Review: Original Death Rabbit

By Amelie Lambie-Proctor

Rating: 5 out of 5.

Engaging and wonderfully comic, Lion Theatre Company’s production of Rose Heiney’s Original Death Rabbit, directed by Isabella Thompson, is an extremely relevant play that depicts the story of one woman and her struggles with the dark side of the internet. Pictured at a funeral in a pink rabbit suit, she unwillingly becomes an internet meme, and the one-women show draws on her relationship with the internet and the repercussions that occur from becoming an online hit. All this whilst she deals with her father’s schizophrenia and own mental health. With punchy one-liners and dominated by dark humor, a blazingly witty character begins to share her story online in the form of a video. The story is told by the incredible who gives a fabulously compelling performance.

As an audience member, we are immediately drawn into this character’s story as she directly and openly converse with us, and Hargreaves uses direct address fantastically

Set in the modern-day, an Oxford graduate begins to record an online video. As an audience member, we are immediately drawn into this character’s story as she directly and openly converses with us, and Hargreaves uses direct address fantastically. She is waiting on stage for us as we take our seats. This simple but wonderfully clever direction introduces the audience and character instantly. Hargreaves brilliantly uses this opportunity to establish the foundations of a very intimate relationship between the audience and character.

Another great attribute of the play that compliments this unique relationship, is the cozy and warm set. Cafédral is transformed into an intimate space with soft wooden furnishing and an autumnal colour pallet. The idea of draping the ceiling in white camo netting was pure genius! The existing harsh, school dining hall-inspired ceiling disappears and it is this choice that makes the whole space feel soft and therefore inviting. It is this key characteristic that draws the audience into the performance.

The books that flood every corner of the stage, the multiple gin bottles, and the numerous plates of microwave meals paint a picture of the character

When it comes to props, the attention to detail is second to none. They create the atmosphere of the characters’ flat. The books that flood every corner of the stage, the multiple gin, and vodka bottles, and the numerous plates of microwave meals paint a picture of the character. Posters of what are apparently the best Richard Curtis plays provide a constant reminder of the importance that the character’s Curtis fan page! The transformation of the venue is brilliant, but a lot of the performance is confined to one area of the stage, making the empty space feel disconnected. However, this is only a minor point.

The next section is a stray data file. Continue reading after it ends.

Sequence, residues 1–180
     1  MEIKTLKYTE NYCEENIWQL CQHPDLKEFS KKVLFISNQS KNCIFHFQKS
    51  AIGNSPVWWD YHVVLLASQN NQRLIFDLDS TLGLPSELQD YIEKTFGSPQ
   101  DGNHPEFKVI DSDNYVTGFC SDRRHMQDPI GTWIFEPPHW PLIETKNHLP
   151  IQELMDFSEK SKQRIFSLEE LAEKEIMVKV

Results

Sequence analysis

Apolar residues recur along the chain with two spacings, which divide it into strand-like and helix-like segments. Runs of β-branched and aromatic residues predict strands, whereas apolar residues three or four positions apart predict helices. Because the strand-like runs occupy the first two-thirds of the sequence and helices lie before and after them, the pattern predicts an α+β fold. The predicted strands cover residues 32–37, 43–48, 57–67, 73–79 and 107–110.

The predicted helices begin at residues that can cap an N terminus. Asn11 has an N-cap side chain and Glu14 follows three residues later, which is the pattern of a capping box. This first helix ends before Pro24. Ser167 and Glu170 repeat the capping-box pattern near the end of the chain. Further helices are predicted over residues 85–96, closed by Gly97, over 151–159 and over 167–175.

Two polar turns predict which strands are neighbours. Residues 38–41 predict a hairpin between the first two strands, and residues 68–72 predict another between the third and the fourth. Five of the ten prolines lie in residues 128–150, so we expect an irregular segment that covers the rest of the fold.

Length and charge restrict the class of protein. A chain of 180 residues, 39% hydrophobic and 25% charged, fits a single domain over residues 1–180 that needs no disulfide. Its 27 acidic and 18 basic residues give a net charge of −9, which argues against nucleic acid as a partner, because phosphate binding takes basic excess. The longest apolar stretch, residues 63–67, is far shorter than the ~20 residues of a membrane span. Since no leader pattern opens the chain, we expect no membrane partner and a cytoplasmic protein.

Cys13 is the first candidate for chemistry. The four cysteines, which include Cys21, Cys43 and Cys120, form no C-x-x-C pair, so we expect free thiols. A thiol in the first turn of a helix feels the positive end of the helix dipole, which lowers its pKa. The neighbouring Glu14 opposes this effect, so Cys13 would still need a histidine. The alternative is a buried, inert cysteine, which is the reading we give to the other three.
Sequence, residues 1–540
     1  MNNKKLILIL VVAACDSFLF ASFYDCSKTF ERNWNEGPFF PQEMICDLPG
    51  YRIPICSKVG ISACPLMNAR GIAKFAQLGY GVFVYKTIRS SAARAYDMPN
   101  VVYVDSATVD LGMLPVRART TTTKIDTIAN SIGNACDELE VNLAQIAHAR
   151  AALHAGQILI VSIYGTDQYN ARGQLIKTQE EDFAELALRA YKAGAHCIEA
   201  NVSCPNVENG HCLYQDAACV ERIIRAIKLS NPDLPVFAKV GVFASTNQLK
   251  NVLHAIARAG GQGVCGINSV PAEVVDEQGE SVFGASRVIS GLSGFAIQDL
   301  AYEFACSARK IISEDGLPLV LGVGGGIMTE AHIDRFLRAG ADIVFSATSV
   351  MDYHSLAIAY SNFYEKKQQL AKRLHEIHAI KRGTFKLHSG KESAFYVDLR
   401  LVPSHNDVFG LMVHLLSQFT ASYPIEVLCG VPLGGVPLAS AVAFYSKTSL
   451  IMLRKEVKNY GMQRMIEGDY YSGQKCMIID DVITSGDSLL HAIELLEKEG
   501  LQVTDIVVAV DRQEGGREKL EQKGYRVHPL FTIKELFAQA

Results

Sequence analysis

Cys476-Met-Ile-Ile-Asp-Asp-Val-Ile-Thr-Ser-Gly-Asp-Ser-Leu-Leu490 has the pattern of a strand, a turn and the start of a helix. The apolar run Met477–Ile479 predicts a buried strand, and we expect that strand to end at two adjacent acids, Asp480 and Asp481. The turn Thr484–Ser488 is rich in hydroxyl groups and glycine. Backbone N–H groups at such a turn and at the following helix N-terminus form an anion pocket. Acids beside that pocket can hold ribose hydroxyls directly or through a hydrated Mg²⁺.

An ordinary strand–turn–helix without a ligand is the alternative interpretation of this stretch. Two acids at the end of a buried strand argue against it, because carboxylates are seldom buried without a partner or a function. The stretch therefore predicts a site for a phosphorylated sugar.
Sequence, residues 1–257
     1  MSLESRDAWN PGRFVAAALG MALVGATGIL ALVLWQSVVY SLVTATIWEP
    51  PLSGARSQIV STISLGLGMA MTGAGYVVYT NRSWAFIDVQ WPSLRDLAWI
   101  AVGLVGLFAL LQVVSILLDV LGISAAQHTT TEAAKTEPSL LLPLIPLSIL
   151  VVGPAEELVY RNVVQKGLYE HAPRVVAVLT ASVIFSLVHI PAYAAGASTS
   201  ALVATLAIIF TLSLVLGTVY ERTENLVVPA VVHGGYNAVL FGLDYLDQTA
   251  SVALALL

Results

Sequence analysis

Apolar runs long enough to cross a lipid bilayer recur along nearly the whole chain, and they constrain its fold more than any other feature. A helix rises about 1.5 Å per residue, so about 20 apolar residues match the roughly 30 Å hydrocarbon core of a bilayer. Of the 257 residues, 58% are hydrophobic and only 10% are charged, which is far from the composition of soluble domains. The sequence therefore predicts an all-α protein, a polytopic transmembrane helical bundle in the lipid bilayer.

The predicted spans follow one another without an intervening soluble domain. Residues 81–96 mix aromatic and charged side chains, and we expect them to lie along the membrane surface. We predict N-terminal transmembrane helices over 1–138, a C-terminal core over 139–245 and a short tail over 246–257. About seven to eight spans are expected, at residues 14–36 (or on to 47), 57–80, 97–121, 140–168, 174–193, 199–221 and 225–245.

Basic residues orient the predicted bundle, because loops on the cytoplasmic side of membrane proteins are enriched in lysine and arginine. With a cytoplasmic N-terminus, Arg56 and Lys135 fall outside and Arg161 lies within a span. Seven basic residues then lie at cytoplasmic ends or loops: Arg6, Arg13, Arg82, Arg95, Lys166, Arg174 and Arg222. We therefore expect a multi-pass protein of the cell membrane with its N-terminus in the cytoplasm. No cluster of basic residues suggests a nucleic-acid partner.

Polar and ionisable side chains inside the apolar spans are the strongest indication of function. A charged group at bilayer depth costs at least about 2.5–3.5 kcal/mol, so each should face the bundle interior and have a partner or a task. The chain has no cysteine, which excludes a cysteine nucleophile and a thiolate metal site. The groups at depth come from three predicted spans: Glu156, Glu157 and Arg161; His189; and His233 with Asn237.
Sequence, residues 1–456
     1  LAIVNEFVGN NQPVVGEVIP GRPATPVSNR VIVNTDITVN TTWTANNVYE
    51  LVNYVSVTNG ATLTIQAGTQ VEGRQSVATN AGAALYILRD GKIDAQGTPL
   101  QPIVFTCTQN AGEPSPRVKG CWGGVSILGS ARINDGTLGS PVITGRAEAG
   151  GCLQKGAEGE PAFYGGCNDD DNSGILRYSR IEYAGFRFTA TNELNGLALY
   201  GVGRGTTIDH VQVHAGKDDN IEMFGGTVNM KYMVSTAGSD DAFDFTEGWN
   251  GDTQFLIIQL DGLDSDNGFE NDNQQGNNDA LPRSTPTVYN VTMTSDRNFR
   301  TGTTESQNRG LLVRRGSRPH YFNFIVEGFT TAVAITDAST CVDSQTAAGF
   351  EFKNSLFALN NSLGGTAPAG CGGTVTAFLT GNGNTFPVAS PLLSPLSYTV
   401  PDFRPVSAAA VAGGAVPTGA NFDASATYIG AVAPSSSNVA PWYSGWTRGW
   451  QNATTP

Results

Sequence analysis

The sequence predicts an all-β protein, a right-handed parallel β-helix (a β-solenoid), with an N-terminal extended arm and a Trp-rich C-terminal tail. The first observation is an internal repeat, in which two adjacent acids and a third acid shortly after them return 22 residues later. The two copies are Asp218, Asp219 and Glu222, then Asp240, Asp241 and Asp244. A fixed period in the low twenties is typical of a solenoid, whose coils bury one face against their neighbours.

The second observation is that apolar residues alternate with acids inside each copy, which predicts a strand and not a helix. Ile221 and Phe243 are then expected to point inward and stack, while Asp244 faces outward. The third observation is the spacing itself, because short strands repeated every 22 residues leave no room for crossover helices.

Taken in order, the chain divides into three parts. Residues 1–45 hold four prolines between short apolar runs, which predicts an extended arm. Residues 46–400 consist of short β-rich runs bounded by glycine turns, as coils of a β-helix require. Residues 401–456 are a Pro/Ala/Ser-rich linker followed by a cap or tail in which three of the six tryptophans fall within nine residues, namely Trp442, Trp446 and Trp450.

The character is brilliantly layered and Hargreaves communicates the need the character has to search for validation online after facing some extremely emotionally deamnding situations

Hargreaves’ performance is simply outstanding. She presents a character who is extremely likable and immerses the audience in her storytelling so well that it feels as if we are sitting in her flat! Her performance is confident and engaging throughout and the laughter just kept coming! The character is brilliantly layered and Hargreaves communicates the need the character has to search for validation online after facing some extremely emotionally demanding situations. The character also talks a lot about her relationships with her sister and friend, both of whom seem to be difficult people, and the way in which she makes these people come alive is so brilliant. Her uses of silence and stillness to pick key moments of the character’s hardships are really moving and remind the audience of how one moment, word, or action can change a person’s life. Her performance was natural, captivating, and executed superbly!

A cold and eeire atmosphere creeps in which is beautifully paired with Hargreaves emotional performance at a time in the play when unthinkable events start to take place

Hargreaves makes clear distinctions between the highs and lows of the character and this was enhanced by fantastic lighting choices. At the start of the show, warm and soft lamps light the stage and as the character takes a turn for the worse, she switches these off and a bright, white, hospital-like light illuminates the stage. A cold and eerie atmosphere creeps in which is beautifully paired with Hargreaves’ emotional performance at a time in the play when unthinkable events start to take place.

The Original Death Rabbit is about the dark corners of the internet and the devastating effects it can have on a person’s mental health. Despite this, the play remains wildly funny through the exceptional delivery of dark humor by Daisy Hargreaves. The Production team makes marvelous and sensitive choices that go hand in hand with Hargreaves gripping performance, making this play a joy to watch!

Image credit: Lion Theatre Company

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